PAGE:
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Markets

China seeks comments on lower hurdles for foreign investments in listed mainland firms

A Chinese national flag over of the People’s Bank of China headquarters in Beijing.

China's Ministry of Commerce this week called for public comments on a proposed relaxation of controls on strategic investments by foreign investors in mainland-listed companies.

The proposed changes would slash the minimum holding period for a foreign investor taking a strategic stake in a local company to one year from three years under the existing Administrative Measures for Foreign Investors' Strategic Investment in Listed Companies, which went into effect in 2006.

Similarly, the amount of overseas assets a foreign investor making a strategic investment would have to own would be cut to $50 million from $100 million, while the minimum amount of overseas assets the investor must manage would fall to $300 million from $500 million.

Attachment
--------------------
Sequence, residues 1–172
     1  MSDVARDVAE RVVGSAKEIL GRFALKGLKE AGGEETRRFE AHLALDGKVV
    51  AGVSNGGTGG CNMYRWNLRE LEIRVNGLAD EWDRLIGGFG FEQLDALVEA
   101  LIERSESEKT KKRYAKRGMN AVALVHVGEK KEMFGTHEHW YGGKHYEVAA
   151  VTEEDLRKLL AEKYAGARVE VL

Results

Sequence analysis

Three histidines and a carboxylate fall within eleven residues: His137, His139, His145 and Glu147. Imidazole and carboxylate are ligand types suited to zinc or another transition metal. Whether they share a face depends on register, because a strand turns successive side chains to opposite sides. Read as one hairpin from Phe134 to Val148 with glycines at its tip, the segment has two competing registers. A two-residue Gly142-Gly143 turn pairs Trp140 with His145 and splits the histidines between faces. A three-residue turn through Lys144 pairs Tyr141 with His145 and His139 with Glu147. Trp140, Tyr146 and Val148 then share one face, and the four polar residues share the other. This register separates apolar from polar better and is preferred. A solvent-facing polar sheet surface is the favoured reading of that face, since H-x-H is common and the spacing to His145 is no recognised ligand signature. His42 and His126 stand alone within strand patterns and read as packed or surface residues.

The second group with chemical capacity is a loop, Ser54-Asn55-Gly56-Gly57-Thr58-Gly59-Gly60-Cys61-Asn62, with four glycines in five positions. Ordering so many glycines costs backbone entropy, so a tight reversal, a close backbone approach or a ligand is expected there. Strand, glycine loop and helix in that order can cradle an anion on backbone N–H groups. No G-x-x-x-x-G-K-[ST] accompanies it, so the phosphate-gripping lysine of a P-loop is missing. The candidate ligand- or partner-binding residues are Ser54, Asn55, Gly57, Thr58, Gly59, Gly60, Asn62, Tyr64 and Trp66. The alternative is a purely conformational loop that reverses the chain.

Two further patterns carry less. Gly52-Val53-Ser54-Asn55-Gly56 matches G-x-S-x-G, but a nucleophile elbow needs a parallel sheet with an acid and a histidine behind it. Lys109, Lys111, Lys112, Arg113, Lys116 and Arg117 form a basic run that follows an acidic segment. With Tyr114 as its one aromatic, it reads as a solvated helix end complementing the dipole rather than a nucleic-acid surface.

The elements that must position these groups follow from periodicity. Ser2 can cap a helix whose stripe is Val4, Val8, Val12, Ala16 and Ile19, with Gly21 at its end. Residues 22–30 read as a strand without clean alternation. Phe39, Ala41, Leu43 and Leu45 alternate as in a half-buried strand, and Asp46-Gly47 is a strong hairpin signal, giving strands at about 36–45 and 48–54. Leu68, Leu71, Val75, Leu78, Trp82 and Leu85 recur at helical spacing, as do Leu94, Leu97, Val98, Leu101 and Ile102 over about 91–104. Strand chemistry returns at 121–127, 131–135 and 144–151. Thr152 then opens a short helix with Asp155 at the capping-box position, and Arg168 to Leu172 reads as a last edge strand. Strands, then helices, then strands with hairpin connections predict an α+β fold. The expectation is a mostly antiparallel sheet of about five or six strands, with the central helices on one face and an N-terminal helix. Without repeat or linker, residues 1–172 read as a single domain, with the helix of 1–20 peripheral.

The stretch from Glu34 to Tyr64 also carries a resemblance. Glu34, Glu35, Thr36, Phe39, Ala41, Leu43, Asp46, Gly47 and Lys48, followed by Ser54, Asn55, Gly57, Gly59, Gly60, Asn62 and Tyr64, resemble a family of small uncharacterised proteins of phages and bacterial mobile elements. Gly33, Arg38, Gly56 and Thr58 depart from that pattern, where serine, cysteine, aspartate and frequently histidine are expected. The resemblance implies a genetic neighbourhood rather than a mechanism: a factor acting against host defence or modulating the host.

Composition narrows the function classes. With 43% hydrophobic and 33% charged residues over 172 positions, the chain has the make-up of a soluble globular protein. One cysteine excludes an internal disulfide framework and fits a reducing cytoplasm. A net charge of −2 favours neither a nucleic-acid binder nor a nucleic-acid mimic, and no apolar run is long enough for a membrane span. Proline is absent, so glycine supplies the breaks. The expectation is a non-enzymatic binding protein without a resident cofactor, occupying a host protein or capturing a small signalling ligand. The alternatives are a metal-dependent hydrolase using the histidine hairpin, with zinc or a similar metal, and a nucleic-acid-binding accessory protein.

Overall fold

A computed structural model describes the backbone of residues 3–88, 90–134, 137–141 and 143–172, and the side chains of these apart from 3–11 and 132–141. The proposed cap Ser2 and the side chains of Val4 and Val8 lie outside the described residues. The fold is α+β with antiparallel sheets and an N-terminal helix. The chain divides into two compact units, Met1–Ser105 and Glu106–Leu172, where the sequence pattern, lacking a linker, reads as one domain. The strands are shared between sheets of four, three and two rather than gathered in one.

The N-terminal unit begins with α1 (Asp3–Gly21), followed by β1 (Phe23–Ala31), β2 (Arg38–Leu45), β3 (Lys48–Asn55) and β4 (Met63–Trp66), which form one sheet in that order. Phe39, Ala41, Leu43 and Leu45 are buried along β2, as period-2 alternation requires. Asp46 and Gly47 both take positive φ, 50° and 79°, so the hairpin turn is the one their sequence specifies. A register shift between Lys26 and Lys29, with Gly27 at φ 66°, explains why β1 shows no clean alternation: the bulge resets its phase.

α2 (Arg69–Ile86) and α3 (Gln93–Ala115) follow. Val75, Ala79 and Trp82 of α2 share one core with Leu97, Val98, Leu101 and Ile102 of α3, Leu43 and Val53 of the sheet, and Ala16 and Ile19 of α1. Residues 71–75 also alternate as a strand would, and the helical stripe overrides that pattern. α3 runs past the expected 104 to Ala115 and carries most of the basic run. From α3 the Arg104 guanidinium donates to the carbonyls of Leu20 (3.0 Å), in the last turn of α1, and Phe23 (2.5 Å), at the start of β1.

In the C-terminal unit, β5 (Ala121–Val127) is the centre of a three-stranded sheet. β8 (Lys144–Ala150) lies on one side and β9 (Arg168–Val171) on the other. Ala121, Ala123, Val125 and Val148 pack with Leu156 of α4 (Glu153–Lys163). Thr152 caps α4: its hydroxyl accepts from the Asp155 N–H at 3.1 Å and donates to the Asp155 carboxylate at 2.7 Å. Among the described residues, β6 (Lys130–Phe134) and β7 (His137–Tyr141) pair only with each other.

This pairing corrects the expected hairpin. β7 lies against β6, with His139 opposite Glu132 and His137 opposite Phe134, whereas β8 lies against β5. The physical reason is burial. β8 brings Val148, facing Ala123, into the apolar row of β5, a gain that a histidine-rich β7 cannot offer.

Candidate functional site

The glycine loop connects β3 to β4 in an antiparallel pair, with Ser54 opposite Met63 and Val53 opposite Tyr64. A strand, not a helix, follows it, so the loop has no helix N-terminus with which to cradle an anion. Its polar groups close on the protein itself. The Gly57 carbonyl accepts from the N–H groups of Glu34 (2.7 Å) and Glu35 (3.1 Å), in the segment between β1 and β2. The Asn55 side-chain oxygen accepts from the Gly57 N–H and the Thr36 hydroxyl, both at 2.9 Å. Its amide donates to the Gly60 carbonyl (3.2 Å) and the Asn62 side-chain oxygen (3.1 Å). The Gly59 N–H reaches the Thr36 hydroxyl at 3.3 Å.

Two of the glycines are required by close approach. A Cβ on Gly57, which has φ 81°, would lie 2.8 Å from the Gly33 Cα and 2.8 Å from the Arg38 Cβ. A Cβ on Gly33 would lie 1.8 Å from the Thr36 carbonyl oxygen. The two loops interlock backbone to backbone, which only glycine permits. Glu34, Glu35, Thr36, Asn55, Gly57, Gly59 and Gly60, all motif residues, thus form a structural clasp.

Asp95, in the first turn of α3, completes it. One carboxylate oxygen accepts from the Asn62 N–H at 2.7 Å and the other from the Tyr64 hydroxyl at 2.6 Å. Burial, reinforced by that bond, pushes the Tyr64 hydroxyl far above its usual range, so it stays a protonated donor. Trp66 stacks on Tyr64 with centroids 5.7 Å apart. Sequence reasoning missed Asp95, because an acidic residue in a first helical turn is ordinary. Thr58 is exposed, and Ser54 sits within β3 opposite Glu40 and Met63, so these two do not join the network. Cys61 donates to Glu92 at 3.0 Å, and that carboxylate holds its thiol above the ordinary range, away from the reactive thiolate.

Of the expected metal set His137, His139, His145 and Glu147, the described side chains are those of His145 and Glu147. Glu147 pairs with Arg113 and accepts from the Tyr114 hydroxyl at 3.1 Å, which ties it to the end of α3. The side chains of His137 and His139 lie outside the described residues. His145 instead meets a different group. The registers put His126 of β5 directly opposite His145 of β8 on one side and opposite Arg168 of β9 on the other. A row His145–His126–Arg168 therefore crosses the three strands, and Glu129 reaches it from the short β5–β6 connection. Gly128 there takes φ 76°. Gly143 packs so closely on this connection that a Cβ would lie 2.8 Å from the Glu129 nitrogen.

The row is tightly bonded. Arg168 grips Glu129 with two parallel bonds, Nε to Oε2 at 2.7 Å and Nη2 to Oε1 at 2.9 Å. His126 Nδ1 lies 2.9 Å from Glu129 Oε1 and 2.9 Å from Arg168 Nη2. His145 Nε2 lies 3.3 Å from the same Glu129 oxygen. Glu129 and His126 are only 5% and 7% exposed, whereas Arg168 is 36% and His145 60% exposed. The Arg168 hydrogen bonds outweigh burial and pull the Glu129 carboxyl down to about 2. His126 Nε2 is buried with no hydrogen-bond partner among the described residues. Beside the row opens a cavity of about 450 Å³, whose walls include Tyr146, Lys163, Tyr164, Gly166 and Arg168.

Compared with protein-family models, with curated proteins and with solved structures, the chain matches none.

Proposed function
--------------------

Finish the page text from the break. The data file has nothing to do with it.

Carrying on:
A Hong Kong-based lawyer, who declined to be named, said under existing regulations, the acquisition of more than 10% of a mainland company's shares would count as a strategic investment, triggering the three-year minimum holding period.

However, that 10% line in the sand is subject to case-by-case approval by the Ministry of Commerce and has effectively been a requirement in name only for a while, the lawyer said. Under the proposed changes, that line would be "erased entirely," he said.

Those reforms would be "positive for foreign investors in China," providing much greater flexibility while allowing Chinese companies to attract "more and a broader array of partners," said Thomas Cheong, Principal Financial Group's Hong Kong-based president of North Asia.

The public comment period extends through Aug. 29.